Monday, September 29, 2008

Bread and Circuses: Reflections on the Chicanery of Threatened "Leaders"

Pundits are already speculating on some of the “October surprise” tricks that may soon be employed to try to convince us to re-elect those now in power, come November (see As with previous elections, a sudden drop in the price of gasoline? New terrorist threats?

The blatant chicanery of some of these maneuvers in the recent past has me thinking about what leaders are. Or, more to the point, what they aren’t. As someone who has worked in middle management in academic life (not to mention as a human being who tries to use his head), I’ve had the opportunity to see similar maneuvers first-hand. And to be surprised at the boldness of them, and their implication that educated folks are too unintelligent to see that they are being manipulated.

As I watch the election process unfold, I’m watching for the following typical tricks of “leaders” who are in over their heads, but unwilling to admit this—leaders who lack the moral force and depth of conviction and intelligence to command respect because of who they are, and not because of their ability to play games:

1. When the going gets rough, change the subject. When you’re questioned about the real problem, invent another one and respond to that question, rather than to the one you’ve been asked.

2. Simply ignore questions. Create a shield around yourself when you’re asked to answer questions. Characterize those asking questions as disrespectful. Make yourself inaccessible. Speak through mouthpieces.

3. Reassert your right to rule. Use God, if necessary, to back up that right.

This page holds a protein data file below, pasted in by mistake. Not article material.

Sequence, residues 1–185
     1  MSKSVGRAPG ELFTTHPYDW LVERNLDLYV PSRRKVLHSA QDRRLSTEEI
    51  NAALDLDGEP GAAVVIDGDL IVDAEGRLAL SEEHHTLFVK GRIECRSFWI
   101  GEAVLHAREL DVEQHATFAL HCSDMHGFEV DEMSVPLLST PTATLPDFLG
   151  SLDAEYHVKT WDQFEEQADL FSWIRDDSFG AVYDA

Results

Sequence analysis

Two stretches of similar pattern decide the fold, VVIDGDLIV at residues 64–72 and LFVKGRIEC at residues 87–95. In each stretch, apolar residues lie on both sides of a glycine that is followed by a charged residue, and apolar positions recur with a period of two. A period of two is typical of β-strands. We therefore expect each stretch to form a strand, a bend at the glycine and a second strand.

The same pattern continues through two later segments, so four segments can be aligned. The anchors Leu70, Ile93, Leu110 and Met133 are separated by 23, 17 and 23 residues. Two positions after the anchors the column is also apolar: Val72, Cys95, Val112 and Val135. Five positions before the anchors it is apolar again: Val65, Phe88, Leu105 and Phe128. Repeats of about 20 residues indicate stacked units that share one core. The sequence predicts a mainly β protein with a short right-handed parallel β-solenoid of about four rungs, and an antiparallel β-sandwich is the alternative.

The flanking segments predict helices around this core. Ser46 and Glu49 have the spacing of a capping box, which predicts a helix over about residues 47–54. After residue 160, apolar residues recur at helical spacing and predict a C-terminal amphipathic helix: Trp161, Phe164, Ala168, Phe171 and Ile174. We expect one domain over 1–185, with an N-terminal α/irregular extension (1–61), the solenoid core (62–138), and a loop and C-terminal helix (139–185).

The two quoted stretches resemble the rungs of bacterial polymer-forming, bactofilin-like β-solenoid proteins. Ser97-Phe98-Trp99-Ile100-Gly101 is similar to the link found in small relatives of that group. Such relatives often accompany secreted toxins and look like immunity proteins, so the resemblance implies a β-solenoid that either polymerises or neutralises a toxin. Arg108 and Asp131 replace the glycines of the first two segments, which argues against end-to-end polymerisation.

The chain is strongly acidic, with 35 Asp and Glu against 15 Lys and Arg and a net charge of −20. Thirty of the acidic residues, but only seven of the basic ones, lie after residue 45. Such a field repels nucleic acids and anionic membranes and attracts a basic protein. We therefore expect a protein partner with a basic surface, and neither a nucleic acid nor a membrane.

4. Go on the attack and vilify those asking you to be accountable, transparent, thoughtful, respectful. Turn the tables. Claim that they are the problem, not you. Become the offended party even when you yourself have doled out misery to those asking you to account for your injustice and cruelty.

5. Cook the books. Make it look as if you are doing a bang-up job. If necessary, transfer money all over the place to show a huge increase in income.

6. Cook up lots of nifty colored charts with bright lines showing increases in good areas and decreases in negative ones. Provide so much clever paperwork for those who supervise you or for the electorate that they will be transfixed by the paperwork and will not likely ask inconvenient questions.

7. For meetings at which you are to answer questions from your supervisors or the electorate, engineer things such that any subordinate who might be inclined to speak truth or to say more than the canned speech you have provided him/her will not be present.

8. Circulate disinformation (aka lies) about critics, to disempower them in advance of any meeting at which you have to account for your leadership to a governing body or the electorate.

9. Seek to manipulate media coverage, especially through a flurry of disinformation pieces about the bang-up job you’ve been doing, right before a meeting of your supervisors or an election.

10. Give gifts. Make promises, lavish ones, even when it’s obvious to anyone with a brain that you can never fulfill these. Bread and circuses are always useful at distracting folks’ attention.

I’ve seen “leaders” of various sorts—in churches, in the academy, in political life—employ all of these cheap tricks. Some “leaders” do so routinely when the heat is on, right before an evaluation process, a meeting at which they have to account to those with supervisory authority over them, or an election.

The shock is that these “leaders” apparently think we can’t see how we’re being grossly manipulated. And even more shocking, perhaps they’re right, after all. If they weren’t right, then how could these bogus “leaders” continue in power?

Bread and circuses worked wondrously well for the Roman emperors. Which says as much about those they ruled as it does about the emperors employing such cheap tricks.

The fact that bread and circuses seem to work well for us today—and that we tolerate "leaders" as ill-suited to lead as many Roman emperors were—says a great deal about the state to which we have brought ourselves through our lack of critical acumen, our willingness to be manipulated by those claiming to represent God, our cravenness, and, perhaps most of all, our sheer indolent greed. We do ultimately get the leaders we deserve.